(Received 6 December 1991; accepted 22 January 1992)
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The author reviewed the literature concerning criminals' explanations of their crimes and then studied the explanations given by 100 incarcerated men. He found no significant associations between juvenile or adult arrest histories, alias use, age at time of the crime, trial plea, sentence length, duration of incarceration, and explanation types used. Only murderers significantly used a specific explanation type. These observations suggest that explanations are largely independent of traditional criminological attributes; that prolonged confinement to prison does not result in offenders admitting to their crimes; and, that killers have an especially difficult time accepting responsibility for taking the life of another human being.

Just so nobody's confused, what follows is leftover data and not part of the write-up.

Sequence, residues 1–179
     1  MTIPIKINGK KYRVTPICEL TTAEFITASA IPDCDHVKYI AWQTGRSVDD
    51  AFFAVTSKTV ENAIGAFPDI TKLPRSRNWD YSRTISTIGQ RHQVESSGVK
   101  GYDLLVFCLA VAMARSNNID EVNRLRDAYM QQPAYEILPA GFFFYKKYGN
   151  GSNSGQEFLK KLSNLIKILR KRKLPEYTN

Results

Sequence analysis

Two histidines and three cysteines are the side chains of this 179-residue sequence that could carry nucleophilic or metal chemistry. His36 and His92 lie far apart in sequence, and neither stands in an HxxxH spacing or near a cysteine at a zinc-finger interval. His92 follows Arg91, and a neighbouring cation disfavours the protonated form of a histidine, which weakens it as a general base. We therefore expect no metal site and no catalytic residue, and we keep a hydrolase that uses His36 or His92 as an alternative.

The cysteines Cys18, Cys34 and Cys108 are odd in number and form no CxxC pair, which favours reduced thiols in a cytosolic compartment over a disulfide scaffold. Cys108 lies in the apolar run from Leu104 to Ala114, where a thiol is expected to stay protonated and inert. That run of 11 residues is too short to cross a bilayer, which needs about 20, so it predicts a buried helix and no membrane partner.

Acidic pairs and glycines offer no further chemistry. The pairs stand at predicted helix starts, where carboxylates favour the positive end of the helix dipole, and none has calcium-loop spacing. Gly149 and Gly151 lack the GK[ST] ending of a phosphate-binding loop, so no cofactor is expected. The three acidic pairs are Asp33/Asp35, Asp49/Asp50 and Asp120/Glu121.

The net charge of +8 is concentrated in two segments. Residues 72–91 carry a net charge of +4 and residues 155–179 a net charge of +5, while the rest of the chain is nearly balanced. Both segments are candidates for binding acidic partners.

Associate Professor of Psychiatry, University of Missouri—Columbia Health Sciences Center, Columbia, MO
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